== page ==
Last month, Oscar Munoz was named Communicator of the Year by the publication PRWeek. This week, the United Airlines CEO was pilloried for his artless reaction after a passenger was dragged off one of his fights. Despite his recent award, Munoz seems to have forgotten two of the most impactful words in communications: I’m sorry.
This isn’t about public relations, spin or covering yourself. (Lawsuit coming.) It’s not about whether to apologize but how to, something that’s fundamental in life.
An apology has been called the super glue of life. It can fix just about anything. But to mend a rift or heal bruised feelings, you have to do it properly.
The same principles apply whether you did harm to a friend or your organization messed up. To be meaningful, saying sorry has to include the 3Rs of regret, responsibility and remedy according to psychotherapist Beverly Engel, author of The Power of Apology.
1. Express genuine regret for having caused hurt or damage, regardless of your intentions.
2. Accept responsibility, which means no blame or excuses.
3. Show willingness to remedy the situation, by a promise to not repeat a behaviour and/or in a material way (e.g. compensating customers or offering to pay to clean the carpet after you spilled wine at a friend’s dinner party).
Apologies don’t count for as much when they seem forced because of private or public pressure. A pseudo apology is even worse: “I’m sorry if you were offended.” All that does is imply that the other person’s reaction and not your action created the problem.
Sometimes, you only get one real chance to apologize. Munoz missed it. Yes, he did eventually (in the face of a backlash) say “This can never – will never – happen again on a United Airlines flight. That’s my premise and that’s my promise.”
But that was only after initially defending the “established procedures” when flights are overbooked, and referring to the passenger as “disruptive and belligerent”. Strike one. He said the incident was upsetting, but was referring “to all of us at United” and not to the passengers. Strike two. Munoz also apologized “for having to re-accommodate these customers”, which (in the awful corporate-speak) missed the point. Strike three.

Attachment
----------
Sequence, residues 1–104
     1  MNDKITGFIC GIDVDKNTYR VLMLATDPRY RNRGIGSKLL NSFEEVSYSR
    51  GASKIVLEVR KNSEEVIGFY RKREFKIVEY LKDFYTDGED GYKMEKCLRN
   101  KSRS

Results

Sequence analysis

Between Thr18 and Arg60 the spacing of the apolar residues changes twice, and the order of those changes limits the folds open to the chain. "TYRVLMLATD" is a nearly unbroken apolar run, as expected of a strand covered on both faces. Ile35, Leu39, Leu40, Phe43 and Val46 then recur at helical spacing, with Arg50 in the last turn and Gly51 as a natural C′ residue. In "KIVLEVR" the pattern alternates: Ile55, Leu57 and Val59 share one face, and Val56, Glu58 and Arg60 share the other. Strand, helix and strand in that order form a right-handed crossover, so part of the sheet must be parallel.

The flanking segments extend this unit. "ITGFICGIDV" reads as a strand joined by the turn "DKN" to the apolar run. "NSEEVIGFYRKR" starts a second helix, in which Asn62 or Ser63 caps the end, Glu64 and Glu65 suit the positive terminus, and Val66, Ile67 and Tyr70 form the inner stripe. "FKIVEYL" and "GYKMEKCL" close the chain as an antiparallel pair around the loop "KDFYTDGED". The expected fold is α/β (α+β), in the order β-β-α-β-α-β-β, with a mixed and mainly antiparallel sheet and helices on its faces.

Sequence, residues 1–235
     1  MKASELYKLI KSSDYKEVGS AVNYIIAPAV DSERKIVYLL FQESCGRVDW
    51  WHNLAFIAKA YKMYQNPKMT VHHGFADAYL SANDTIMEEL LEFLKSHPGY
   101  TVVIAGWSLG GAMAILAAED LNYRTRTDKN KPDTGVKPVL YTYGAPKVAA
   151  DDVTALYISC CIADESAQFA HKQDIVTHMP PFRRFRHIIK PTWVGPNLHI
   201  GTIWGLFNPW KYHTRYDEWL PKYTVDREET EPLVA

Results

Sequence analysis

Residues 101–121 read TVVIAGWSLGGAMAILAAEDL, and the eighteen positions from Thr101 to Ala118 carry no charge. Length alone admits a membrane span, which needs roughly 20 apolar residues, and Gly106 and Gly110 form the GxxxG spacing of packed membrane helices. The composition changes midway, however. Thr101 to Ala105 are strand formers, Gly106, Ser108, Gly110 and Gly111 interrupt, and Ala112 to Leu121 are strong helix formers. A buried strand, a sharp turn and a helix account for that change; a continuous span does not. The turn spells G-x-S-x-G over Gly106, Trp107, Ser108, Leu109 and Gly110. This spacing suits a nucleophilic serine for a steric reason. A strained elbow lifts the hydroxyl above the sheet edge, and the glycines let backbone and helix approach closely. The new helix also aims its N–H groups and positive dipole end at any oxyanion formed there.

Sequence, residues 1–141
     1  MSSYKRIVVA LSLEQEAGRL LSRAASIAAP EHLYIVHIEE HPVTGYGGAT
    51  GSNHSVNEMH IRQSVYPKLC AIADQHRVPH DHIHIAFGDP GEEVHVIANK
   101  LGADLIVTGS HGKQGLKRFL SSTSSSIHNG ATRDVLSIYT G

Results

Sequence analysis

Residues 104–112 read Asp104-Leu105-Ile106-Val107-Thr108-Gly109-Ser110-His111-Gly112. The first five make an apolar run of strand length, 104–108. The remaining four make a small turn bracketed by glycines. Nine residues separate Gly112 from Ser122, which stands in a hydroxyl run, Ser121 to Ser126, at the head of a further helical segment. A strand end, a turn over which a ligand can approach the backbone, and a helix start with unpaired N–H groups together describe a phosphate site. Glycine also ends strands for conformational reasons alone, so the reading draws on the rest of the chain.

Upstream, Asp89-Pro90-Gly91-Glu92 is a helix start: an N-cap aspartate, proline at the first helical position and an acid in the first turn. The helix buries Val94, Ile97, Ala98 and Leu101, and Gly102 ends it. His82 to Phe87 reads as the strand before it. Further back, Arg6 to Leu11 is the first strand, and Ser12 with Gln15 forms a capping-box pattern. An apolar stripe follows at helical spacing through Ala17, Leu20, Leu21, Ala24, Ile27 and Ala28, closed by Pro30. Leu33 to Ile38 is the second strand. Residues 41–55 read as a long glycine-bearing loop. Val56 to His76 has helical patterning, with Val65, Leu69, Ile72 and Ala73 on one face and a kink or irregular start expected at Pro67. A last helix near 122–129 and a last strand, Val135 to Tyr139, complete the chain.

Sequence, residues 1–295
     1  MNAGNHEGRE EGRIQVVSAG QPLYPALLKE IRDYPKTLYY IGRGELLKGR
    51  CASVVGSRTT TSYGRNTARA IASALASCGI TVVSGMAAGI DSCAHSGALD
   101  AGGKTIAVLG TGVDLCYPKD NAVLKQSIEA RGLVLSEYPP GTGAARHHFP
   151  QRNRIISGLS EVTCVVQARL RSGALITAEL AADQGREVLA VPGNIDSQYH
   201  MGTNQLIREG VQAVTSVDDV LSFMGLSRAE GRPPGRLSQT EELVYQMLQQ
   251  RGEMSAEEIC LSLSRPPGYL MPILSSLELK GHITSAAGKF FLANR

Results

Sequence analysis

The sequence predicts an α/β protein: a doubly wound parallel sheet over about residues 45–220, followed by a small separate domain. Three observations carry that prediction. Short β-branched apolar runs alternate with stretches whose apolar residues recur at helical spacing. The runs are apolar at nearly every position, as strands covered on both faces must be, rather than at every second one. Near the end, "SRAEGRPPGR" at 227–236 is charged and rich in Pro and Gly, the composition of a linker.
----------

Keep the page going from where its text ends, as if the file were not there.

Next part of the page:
This isn’t to pick on United. Although PRWeek’s editor did get in a shot: “It’s fair to say that if PRWeek was choosing its Communicator of the Year now, we would not be awarding it to Oscar Munoz.”
What happened to United simply reminds us that in business and interpersonal communications saying sorry is paramount. You don’t do it to score PR points. You do it because of sincere empathy and respect. Not only can that lead to forgiveness, it can also build trust.
Done right, the 3Rs of apology make a fourth R possible – repair.
Stuart Foxman is a Toronto-based freelance writer, who helps clients’ products, services, ideas and organizations to come alive. Follow me on Twitter @StuartFoxman, connect with me here on LinkedIn, or check me out at foxmancommunications.com. I would love to hear from you. More articles like this coming, with original posts every week about communications, writing, branding, creativity, media, marketing, persuasion, messages, etc., etc.
April 13, 2017